Due to their isolation, these islands are relatively expensive to reach.
During the high tourist season (July-August) lodging can be expensive and booked out.
Camping is possible, however exposure to wind (given the lack of trees and proximity to the ocean)can make this unpleasant.
Prices for excursions and various tourist activities are variable but generally expensive, something to consider for the budget traveler.
Early September would be a wonderful time to visit this region.
When visiting Îles-de-la-Madeleine if you speak even just a little bit of French everyone will be a lot more friendly and go out of their way to help you out more than they would if you spoke strictly English and no French at all.
While each island is quite small, the distances between them along the connecting dunes are greater and these areas are isolated. Cycling is possible, scooters can be rented, as well as automobiles, bus tours are available, taxis are quite expensive.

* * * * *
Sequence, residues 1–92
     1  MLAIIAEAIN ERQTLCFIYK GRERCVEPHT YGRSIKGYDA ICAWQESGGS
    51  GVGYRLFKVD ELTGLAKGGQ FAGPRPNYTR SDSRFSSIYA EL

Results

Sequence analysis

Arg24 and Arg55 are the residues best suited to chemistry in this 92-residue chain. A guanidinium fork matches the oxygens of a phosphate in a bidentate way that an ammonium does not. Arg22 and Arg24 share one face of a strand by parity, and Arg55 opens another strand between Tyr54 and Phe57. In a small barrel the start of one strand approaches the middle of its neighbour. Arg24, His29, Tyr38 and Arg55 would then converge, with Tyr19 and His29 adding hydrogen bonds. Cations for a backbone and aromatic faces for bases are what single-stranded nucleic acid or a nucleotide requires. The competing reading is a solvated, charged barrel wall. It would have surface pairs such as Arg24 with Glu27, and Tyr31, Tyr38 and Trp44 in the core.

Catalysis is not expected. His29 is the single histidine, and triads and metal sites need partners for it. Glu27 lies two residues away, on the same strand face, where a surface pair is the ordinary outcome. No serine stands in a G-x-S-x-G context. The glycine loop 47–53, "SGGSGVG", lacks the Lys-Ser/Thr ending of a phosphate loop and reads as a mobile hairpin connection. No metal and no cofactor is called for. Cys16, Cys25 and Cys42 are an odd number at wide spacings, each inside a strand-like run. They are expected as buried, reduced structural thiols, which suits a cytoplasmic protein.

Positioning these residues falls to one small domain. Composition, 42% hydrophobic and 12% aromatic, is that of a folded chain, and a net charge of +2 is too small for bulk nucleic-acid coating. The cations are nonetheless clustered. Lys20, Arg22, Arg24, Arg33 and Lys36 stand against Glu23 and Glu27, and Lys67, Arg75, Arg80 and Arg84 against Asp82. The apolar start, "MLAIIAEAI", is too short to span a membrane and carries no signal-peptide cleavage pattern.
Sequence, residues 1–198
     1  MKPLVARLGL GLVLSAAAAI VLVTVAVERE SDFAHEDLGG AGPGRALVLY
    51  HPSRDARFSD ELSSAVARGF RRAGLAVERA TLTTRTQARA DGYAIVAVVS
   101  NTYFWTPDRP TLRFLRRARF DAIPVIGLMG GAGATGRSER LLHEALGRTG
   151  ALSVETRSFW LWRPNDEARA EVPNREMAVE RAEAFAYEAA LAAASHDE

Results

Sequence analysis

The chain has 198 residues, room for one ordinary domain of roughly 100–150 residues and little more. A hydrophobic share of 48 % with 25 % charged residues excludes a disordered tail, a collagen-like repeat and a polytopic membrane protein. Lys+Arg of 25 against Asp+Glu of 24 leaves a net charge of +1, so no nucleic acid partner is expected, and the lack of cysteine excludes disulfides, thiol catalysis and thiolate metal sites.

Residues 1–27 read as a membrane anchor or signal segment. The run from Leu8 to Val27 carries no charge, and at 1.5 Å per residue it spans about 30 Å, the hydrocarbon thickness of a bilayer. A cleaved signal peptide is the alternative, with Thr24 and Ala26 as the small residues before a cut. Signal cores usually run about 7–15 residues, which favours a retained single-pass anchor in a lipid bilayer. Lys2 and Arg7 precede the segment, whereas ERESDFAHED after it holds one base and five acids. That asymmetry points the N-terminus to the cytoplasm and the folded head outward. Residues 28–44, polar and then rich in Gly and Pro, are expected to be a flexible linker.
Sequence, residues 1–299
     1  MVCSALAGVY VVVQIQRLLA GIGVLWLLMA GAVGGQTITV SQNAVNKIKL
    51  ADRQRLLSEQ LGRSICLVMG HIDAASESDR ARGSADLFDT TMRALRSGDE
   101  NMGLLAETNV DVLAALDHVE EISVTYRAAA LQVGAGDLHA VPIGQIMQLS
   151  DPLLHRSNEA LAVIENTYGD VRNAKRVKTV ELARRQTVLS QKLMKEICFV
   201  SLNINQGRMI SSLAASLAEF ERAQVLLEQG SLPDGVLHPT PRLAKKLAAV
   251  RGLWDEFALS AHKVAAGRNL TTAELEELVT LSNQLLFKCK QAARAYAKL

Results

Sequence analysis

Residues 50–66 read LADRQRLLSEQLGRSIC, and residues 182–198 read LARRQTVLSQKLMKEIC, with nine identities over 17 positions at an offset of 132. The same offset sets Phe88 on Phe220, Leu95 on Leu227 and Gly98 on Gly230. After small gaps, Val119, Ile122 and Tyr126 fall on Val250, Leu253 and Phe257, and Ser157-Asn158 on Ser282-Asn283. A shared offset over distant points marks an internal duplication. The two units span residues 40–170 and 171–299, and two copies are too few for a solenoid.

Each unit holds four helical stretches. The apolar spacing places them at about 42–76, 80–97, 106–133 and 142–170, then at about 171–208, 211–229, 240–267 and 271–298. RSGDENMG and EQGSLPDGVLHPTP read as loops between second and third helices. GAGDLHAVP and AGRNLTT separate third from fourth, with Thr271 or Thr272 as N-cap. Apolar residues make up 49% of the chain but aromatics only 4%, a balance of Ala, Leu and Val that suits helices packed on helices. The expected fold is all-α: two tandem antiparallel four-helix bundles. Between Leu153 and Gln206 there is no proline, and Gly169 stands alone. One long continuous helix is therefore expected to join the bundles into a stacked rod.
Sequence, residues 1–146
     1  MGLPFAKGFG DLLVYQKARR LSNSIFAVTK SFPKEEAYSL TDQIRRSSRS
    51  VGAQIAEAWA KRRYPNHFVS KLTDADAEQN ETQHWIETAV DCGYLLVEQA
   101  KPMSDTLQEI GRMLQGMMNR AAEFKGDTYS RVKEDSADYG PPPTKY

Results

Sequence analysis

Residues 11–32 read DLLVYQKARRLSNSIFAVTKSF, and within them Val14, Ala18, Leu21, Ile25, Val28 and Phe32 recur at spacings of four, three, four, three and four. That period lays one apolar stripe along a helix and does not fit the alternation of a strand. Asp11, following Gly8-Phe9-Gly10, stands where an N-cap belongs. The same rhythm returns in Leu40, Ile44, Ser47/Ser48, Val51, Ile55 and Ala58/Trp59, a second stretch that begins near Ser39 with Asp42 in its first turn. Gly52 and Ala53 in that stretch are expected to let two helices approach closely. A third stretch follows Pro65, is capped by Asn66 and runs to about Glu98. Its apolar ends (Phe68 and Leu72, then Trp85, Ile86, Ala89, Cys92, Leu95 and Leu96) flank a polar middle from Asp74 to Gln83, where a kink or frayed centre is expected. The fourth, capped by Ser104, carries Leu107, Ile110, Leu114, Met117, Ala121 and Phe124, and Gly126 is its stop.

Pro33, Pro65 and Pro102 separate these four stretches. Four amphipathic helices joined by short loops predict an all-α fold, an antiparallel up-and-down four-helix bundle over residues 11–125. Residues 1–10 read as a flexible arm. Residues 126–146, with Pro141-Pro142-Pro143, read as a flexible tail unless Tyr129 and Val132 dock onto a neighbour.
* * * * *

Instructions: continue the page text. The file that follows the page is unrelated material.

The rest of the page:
One of the best things about Îles-de-la-Madeleine is the fact that it is known as one of, if not the best, places for wind sports (like windsurfing and kiteboarding). So if you're not the one riding it is always fun to be the one watching.
there are several to explore and walk on for hours
A popular activity is to observe young seals on the ice floes during winter. Other activities are being developed (i.e. sea kayaking). Contact the tourist information office for more information (  )
There is a local brewery 'A l'abri de la tempete', which is located near Cap aux meules and can be visited (also has a nice pub). Their beers are very good: rousse(red), blonde(pale), blanche (wheat beer),noire (milk stout),and some special brews. Available on draft in certain restos such as Café de la Grave and Pas Perdus.
All of Îles-de-la-Madeleine is pretty safe. Do not walk near the edges of cliffs as they are subject to erosion and collapse. Certain beaches can have strong and dangerous currents which may pull you away from shore.